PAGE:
It was on January 28 that Colish had luncheon with Miller and Mr. Arsht, defendant's counsel. At that time, Miller informed him that Kane was getting out of the corporation and that he (Miller) was the "boss". Miller expressed grave doubts as to the possibility of proceeding with the project because of lack of finances. Colish stated that he had some friends in Philadelphia who might be interested in providing the money but Miller thought that he should first exhaust the possibility of interesting Delawareans. As to the plaintiff's employment, the conversation which took place that day is in dispute. Colish says that he told the others he expected to "continue" to be the architect if the project was carried through, and that he explained to them the extent of the work he had already done on it. There was some discussion as to his fee and he again stated that it would be five percent. Miller's affidavit, on the other hand, indicates that plaintiff merely asked to be considered for the job when the time came to employ an architect. Miller further indicates that he told plaintiff that he had no authority to employ an architect; that it was premature to do so until financing was arranged; and that only the Board of Directors could authorize the employment of an architect. Miller further says that Arsht asked plaintiff if he was making any charge against defendant for what had been done up to that time, whereupon plaintiff replied that he had no claim for what had happened in the past and that the only thing he asked of defendant was that he be considered by defendant for employment, if the project proceeded. The following day Colish wrote to Miller enclosing a copy of the three preliminary drawings which had been presented to the Building Commission and stated "I will wait to hear from you in regard to backers if you do not work out your problem successfully." Miller further says that defendant did give consideration to employing Colish after backers were obtained but it was impossible to employ him because the backers insisted upon completion of the track in time to conduct races in September, and the only way this could be done was by locating an architect who had previously handled a similar project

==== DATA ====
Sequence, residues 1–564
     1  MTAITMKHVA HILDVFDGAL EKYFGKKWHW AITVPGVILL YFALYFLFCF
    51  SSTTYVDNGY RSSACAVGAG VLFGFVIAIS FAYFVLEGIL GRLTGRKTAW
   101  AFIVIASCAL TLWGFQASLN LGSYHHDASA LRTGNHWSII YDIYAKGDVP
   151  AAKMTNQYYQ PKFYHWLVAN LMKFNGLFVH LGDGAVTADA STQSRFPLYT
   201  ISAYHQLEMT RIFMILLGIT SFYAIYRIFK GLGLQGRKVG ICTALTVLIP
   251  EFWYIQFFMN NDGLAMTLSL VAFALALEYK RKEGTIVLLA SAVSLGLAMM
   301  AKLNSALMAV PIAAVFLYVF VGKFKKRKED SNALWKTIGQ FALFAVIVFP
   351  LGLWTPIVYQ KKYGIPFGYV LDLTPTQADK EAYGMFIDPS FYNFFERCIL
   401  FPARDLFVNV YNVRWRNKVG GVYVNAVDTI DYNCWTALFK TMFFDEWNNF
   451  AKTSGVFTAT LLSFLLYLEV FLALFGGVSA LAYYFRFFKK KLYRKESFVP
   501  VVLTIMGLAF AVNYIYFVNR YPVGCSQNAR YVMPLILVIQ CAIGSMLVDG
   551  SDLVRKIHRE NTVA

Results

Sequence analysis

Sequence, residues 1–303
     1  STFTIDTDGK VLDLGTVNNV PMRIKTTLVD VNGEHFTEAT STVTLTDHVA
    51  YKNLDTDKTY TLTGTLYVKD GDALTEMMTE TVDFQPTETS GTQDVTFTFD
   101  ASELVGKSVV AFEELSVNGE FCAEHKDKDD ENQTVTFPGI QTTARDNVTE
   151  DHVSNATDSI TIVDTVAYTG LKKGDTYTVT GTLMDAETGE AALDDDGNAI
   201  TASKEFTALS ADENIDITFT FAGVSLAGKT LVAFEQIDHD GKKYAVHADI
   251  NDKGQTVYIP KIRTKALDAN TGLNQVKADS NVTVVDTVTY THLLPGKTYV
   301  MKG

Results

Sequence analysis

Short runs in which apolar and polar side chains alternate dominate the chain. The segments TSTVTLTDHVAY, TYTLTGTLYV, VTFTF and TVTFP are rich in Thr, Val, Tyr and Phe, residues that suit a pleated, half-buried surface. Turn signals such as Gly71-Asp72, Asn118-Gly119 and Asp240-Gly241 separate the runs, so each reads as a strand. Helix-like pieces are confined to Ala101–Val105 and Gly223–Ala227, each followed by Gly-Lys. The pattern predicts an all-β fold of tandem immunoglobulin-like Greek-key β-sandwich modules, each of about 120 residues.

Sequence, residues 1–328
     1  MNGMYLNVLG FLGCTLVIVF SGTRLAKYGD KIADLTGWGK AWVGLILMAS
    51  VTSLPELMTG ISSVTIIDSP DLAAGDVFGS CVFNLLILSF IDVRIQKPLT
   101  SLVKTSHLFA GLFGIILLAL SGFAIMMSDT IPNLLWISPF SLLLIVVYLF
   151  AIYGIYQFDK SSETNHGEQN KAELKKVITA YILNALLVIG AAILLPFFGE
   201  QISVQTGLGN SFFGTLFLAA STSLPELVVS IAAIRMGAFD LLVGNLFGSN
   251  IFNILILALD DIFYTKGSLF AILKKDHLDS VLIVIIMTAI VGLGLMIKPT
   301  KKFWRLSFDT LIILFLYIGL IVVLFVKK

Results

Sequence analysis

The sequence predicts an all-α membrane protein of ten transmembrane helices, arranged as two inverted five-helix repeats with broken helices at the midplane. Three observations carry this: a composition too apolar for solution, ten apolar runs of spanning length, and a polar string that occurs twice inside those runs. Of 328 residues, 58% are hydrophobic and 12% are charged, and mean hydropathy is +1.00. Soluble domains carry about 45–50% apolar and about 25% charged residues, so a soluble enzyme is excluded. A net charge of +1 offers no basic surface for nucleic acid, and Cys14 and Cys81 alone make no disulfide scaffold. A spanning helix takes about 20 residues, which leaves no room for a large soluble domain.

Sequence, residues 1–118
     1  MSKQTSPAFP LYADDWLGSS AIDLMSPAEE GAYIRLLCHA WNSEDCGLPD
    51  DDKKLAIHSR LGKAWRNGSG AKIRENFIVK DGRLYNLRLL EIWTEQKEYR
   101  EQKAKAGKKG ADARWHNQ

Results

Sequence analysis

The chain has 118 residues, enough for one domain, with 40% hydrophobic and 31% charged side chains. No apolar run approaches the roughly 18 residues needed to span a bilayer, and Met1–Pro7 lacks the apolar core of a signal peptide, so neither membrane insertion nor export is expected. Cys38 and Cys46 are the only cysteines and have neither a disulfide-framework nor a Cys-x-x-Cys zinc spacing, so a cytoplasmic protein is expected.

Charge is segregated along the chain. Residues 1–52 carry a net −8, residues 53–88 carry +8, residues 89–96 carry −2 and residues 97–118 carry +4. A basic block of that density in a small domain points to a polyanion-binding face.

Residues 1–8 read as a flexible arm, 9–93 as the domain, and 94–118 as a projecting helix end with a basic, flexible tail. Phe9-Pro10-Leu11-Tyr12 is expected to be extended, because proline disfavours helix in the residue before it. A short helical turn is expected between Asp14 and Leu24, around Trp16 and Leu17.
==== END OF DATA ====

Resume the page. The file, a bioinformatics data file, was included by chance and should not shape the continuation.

The only resolution appearing on the corporation's minutes concerning the employment of an architect is one dated December 12, 1952. At a meeting on that date, purportedly attended by Hazzard, Kane and Miller, it was unanimously resolved that Miller and Kane, acting jointly, be authorized to engage one or more architects to prepare plans and specifications for the proposed track. Nothing was said at that meeting to indicate that plaintiff had already been selected or engaged for the work. Nothing in the corporate charter or by-laws purports to expressly authorize any officer to engage an architect.
Plaintiff's suit is based upon an alleged express contract; the complaint contains no count predicated upon quantum meruit. Defendant denies the existence of any express contract, and then asserts that, even if one or more individuals made such a contract with plaintiff, such individual or individuals had no authority, express, implied, or apparent, to make it. Defendant further contends that there was an accord and satisfaction concluded between plaintiff and defendant at the luncheon meeting of January 28. Plaintiff points out no specific occasion upon which his offer was expressly accepted in so many words by anyone, except the telephone call from Hart directing him to proceed with plans and specifications. He contends that Miller, Kane and Hart, and each of them, had apparent authority to bind the corporation, and that defendant in fact accepted what plaintiff had been asked to produce and did produce, thereby ratifying the agreement. Plaintiff, of course, denies that any accord and satisfaction was made on January 28 and further argues that, even if it be held that one was reached, it was without consideration and therefore not binding. He suggests, in short, that there exist factual disputes both as to authority of defendant's agents and as to the making of an accord and satisfaction, which disputes prevent the entry of summary judgment in defendant's favor.